You notice the time.

It’s been forty minutes since you sat down to write and you’ve written approximately….nothing.

End scene.

Since November 9th, and, let’s be honest, even somewhat in the months before that, I have found my ability to be disciplined in my writing routine severely compromised. Never before in my life can I remember a time when so much surprising, horrifying, unbelievable news was flying off the proverbial presses. The sheer volume of it is enough to make your head spin, and if, like most YA authors I know, you’re on Twitter, you’ve got a perpetual front-row seat to this Great American Car Crash happening in real time all the time just a few clicks away on your devices.

(In the event that you feel differently about this and have been celebratory and productive since Election Night, this piece won’t be very useful. My advice to you instead is to start reading more books written by authors from the many marginalized groups that are going to suffer because of this administration.)

Speaking as someone who hadn’t mastered best life practices for interacting with social media even before all this---when the fate of our democracy wasn’t lying in the balance---I’m not sure how to proceed during this scary and uncertain time, when I often feel like it’s my civic duty to be engaging with this information.

So what do we do? We must fight, we must resist, but this will be a marathon, not a sprint, and as artists, we still need to create (especially if it’s part of how we’re making a living). I’ve been grappling with this daily, and though I’m definitely not there yet (I had a nice work rhythm going in early January, but post-Inauguration, it’s all gone to shit), here are some thoughts on what’s been most successful for me thus far. (And, goes without saying: no two writing processes are alike, so take what works for you and discard the rest.)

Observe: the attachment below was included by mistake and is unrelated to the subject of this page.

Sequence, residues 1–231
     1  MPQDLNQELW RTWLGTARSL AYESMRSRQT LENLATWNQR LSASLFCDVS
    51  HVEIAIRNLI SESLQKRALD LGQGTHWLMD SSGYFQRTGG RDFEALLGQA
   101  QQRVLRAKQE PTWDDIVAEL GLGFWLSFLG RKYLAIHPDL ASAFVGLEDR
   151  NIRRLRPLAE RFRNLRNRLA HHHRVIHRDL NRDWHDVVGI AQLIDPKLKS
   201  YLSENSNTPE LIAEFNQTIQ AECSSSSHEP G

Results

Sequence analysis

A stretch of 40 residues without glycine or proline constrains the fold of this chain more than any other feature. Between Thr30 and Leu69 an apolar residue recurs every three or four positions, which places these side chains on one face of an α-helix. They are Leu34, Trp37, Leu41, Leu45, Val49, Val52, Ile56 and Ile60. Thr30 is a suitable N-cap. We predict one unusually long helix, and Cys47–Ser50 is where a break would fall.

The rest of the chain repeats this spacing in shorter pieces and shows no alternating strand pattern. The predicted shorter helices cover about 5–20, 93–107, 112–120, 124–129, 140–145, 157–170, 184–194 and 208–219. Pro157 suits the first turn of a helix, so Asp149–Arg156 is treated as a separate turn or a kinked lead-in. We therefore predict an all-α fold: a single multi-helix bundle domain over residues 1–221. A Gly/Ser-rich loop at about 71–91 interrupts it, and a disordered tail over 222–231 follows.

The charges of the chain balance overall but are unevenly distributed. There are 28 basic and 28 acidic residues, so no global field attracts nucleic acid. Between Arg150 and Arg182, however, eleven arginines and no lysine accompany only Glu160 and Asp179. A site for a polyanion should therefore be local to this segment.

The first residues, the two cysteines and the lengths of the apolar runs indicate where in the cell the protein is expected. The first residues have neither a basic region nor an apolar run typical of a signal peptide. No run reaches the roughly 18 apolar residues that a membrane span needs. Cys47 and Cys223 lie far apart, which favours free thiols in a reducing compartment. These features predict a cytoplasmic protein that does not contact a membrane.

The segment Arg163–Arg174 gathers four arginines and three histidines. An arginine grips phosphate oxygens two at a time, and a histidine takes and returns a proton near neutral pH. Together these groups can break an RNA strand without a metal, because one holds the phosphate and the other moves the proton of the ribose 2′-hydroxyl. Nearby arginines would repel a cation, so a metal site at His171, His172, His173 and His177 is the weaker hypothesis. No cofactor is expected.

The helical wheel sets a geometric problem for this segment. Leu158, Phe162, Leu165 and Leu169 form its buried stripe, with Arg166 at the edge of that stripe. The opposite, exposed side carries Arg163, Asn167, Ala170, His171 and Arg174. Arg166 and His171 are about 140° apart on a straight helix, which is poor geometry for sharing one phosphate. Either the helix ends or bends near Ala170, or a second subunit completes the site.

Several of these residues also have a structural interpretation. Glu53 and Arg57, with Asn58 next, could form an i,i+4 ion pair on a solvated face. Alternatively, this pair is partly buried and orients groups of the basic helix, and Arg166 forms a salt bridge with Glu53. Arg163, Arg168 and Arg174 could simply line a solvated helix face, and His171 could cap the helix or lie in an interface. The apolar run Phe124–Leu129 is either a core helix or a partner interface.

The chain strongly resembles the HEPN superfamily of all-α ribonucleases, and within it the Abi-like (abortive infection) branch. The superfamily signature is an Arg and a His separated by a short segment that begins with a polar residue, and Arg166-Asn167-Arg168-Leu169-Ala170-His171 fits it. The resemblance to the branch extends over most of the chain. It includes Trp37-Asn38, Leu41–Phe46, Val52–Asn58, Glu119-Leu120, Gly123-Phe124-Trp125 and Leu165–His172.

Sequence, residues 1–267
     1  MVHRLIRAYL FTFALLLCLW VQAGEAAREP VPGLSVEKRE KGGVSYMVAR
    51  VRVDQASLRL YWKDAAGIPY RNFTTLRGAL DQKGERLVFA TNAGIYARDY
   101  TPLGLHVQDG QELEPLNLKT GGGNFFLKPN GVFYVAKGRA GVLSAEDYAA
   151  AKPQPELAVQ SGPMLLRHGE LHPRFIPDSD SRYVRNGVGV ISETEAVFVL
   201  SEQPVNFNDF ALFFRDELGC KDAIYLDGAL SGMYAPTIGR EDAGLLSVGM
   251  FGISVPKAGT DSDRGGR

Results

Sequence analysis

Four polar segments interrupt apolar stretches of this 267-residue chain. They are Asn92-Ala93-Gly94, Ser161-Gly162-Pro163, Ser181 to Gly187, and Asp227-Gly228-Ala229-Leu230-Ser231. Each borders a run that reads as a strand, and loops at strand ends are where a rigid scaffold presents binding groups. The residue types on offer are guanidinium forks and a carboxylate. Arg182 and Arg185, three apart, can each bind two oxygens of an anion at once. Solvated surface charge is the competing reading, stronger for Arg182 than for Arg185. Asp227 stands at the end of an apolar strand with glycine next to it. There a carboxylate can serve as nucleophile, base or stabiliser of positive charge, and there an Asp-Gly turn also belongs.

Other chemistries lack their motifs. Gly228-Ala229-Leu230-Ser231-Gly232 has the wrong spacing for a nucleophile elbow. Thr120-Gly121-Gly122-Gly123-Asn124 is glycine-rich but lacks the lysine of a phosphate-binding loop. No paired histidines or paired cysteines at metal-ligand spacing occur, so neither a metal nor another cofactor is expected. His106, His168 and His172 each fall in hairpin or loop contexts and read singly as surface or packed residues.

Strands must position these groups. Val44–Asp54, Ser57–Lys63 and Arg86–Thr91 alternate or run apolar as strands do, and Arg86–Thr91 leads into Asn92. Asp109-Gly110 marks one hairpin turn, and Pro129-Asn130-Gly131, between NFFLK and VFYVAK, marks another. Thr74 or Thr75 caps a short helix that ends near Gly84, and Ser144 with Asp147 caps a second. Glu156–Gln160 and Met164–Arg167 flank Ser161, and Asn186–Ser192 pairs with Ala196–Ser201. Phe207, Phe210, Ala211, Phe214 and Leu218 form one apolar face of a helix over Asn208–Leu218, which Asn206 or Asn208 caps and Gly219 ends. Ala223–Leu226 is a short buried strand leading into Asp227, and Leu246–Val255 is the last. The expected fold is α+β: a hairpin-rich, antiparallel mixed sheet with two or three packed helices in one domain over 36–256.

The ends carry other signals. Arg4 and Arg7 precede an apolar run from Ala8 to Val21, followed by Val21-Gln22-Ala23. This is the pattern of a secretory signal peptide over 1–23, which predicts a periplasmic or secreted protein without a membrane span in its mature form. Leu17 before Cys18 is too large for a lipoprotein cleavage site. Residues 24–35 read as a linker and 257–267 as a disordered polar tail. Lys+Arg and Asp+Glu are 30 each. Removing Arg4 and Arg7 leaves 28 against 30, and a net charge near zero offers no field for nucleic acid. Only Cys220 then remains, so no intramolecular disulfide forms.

1. Write in 50-Minute Chunks

When presented these days with an open chunk of hours and my computer and phone, it is inevitable that I will take near-constant breaks from writing---often without even being fully aware that I’m doing it---to check email or texts or Twitter or Instagram. Work can get done this way, but the efficiency optics are pretty dismal. On an intellectual level I know that, but it’s hard to argue in those moments with the rationalizing of my brain: Your work is important, but, uh, the fate of the planet and your fellow human beings is slightly more important, don’t you think? Just do a quick check to make sure the world’s not ending in fifteen minutes.